6.6 C
Tuesday, March 21, 2023

Bonds in dollars stopped the collapse, but fell up to 16% in the month

Must read

- Advertisement -

Among the biggest advances of the day were the Bonar 2038 (+5.2%); Bonar 2035 (+4.7%); and Bonar 2041 (+4.7%).

- Advertisement -

Operators and analysts agree that the drop in bond parity in recent weeks could complicate the launch of a potential “Repo” between entities to strengthen the limited reserves of the Central Bank (BCRA).

The Government announced in mid-January the repurchase of bonds for around 1,000 million to improve the debt profilewhile a source close to the negotiation said that the Ministry of Economy recently received seven offers for a ‘Repo’ loan for about 1,000 million dollars.

Beyond the rebound this Wednesday, dollar bonds accumulate declines of almost 16% in the month of February. Although the local factors involved in this collapse are well known, there are also external factors that prevent the Government’s goal of lowering the country risk from actually happening. In this note, one by one the causes.

local factors

- Advertisement -

According to the latest PPI report, although the poor performance of the bonds in February is well known, it attributed the cause to the decision of the Central Bank, reducing the aggressiveness of its bond repurchase program, causing short bonds to yield more than long ones. . “We believe that this trend can still be maintained this week, with the GD41 being the bond that we currently find most attractive in relative terms. The event to monitor will be the Treasury tender scheduled for Friday the 24th, whose conditions we hope will be known during the conference tomorrow”.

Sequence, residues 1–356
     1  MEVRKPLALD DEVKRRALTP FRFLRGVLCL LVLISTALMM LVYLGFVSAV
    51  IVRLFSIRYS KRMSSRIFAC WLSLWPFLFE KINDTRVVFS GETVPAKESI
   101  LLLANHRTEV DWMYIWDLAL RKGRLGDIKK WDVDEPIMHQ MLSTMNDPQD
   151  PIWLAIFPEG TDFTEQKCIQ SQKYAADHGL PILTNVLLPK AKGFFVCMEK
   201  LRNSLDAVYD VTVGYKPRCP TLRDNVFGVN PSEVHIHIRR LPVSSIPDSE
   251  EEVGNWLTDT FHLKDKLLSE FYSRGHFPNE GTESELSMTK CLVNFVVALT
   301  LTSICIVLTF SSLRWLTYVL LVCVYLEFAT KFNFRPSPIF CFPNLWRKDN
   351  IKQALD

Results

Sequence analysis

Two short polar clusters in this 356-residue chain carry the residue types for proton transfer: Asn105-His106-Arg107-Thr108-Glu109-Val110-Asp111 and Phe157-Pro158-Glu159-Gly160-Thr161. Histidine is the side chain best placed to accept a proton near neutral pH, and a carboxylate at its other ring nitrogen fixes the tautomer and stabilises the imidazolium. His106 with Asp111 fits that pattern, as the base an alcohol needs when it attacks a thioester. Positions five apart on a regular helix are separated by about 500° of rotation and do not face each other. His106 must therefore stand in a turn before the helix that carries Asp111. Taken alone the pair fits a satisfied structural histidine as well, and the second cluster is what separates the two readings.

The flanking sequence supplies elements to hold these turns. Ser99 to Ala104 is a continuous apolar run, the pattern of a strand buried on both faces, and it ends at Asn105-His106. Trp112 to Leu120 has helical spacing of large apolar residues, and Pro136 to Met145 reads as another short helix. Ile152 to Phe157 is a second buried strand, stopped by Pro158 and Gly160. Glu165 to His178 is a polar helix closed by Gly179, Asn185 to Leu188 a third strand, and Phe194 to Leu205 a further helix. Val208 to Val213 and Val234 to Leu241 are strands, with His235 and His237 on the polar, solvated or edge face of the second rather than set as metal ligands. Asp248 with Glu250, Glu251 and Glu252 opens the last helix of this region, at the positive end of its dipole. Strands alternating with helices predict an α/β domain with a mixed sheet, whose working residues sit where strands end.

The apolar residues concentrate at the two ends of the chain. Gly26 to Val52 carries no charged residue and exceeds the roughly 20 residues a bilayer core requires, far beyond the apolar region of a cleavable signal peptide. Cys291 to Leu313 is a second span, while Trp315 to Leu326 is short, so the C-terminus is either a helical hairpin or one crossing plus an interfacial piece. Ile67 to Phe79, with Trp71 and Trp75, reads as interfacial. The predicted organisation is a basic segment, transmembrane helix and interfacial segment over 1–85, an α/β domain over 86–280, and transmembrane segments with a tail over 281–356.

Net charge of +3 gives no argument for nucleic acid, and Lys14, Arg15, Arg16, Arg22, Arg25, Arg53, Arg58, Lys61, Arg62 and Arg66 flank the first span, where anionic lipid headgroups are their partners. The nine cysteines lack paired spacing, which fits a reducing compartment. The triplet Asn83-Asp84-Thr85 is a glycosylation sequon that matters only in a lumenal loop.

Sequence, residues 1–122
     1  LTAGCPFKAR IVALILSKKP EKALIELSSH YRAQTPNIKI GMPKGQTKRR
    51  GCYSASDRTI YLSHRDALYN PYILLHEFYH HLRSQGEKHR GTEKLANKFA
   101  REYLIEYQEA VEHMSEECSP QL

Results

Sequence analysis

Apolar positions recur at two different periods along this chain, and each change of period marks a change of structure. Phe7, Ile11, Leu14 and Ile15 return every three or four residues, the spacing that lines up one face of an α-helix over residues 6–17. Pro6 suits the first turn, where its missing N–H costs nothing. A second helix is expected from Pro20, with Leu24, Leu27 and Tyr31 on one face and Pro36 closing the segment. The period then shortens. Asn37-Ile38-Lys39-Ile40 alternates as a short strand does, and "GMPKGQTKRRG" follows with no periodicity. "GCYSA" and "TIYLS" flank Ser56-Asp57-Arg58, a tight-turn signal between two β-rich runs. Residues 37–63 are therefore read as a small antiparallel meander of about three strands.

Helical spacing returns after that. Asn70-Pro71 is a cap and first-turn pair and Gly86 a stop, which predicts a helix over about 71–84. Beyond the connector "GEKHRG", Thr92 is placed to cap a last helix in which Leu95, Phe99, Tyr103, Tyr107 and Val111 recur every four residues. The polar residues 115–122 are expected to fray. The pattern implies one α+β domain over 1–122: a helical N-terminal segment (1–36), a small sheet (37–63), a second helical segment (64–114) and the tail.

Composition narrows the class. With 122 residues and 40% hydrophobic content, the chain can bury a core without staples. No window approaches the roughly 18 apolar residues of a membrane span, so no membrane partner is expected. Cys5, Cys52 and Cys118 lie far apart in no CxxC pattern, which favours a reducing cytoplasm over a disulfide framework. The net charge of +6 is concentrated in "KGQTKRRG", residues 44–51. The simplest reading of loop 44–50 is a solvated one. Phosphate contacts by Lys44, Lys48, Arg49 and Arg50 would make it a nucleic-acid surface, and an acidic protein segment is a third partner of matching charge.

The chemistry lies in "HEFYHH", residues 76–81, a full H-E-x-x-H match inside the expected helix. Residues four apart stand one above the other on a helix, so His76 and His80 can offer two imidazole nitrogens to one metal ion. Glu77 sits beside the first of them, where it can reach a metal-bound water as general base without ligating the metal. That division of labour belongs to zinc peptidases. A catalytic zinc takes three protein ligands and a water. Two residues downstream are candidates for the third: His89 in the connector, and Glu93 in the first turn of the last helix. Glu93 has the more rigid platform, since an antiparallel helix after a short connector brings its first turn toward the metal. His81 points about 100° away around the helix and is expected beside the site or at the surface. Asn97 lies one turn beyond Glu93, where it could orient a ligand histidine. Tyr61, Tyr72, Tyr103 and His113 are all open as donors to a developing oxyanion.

Among other reasons, there is also investors’ fear of default, the upcoming elections and the uncertainty of government policies also generate instability in bonds and the dollar. This year the course of Argentine investments will be marked by the electoral results and the firmness of the next measures,” he said. Juan Alra, Portfolio Manager at Southern Trust TPCG Group in dialogue with Ámbito.

External factors

One of the factors hurting bond prices is the Fed’s rate hike. For investors, inflation seems to be more persistent than the market expected and now they expect the Fed to stay tight for longer. “With such attractive rates in the US, emerging markets took a hit and Argentina’s performance was no exception as our emerging trend-adjusted Argentine bond price series and beta show,” the latest report said. of PPI.

A rise in rates causes capital to go from risky countries to less risky ones. To see these trends, one usually looks at the emerging market bond index, an ETF that replicates an index of sovereign debt in dollars from emerging countries that fell 4% per month. Emerging countries will rely heavily on the aggressiveness of the Fed. Stronger policy will likely cause bonds to fall further.

Source: Ambito

- Advertisement -

More articles


Please enter your comment!
Please enter your name here

- Advertisement -

Latest article